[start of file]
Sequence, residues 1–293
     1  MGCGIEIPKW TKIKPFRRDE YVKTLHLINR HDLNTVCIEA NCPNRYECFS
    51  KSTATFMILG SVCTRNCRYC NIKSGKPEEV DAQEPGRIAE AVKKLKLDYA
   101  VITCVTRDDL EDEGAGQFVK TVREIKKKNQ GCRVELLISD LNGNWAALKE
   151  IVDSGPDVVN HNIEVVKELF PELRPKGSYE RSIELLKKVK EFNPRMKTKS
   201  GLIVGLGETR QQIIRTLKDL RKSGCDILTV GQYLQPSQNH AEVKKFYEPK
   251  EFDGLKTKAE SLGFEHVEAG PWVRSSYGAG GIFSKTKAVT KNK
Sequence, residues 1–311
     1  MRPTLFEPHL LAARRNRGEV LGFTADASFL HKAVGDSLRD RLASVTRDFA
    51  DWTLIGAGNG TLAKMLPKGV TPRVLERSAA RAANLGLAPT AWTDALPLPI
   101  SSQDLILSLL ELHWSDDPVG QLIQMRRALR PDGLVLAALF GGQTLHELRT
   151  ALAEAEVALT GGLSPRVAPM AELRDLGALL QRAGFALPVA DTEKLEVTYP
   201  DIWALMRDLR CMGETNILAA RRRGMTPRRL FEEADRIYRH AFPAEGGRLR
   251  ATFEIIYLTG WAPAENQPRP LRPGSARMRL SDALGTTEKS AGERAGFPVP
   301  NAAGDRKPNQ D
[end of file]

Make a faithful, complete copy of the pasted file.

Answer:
Sequence, residues 1–293
     1  MGCGIEIPKW TKIKPFRRDE YVKTLHLINR HDLNTVCIEA NCPNRYECFS
    51  KSTATFMILG SVCTRNCRYC NIKSGKPEEV DAQEPGRIAE AVKKLKLDYA
   101  VITCVTRDDL EDEGAGQFVK TVREIKKKNQ GCRVELLISD LNGNWAALKE
   151  IVDSGPDVVN HNIEVVKELF PELRPKGSYE RSIELLKKVK EFNPRMKTKS
   201  GLIVGLGETR QQIIRTLKDL RKSGCDILTV GQYLQPSQNH AEVKKFYEPK
   251  EFDGLKTKAE SLGFEHVEAG PWVRSSYGAG GIFSKTKAVT KNK
Sequence, residues 1–311
     1  MRPTLFEPHL LAARRNRGEV LGFTADASFL HKAVGDSLRD RLASVTRDFA
    51  DWTLIGAGNG TLAKMLPKGV TPRVLERSAA RAANLGLAPT AWTDALPLPI
   101  SSQDLILSLL ELHWSDDPVG QLIQMRRALR PDGLVLAALF GGQTLHELRT
   151  ALAEAEVALT GGLSPRVAPM AELRDLGALL QRAGFALPVA DTEKLEVTYP
   201  DIWALMRDLR CMGETNILAA RRRGMTPRRL FEEADRIYRH AFPAEGGRLR
   251  ATFEIIYLTG WAPAENQPRP LRPGSARMRL SDALGTTEKS AGERAGFPVP
   301  NAAGDRKPNQ D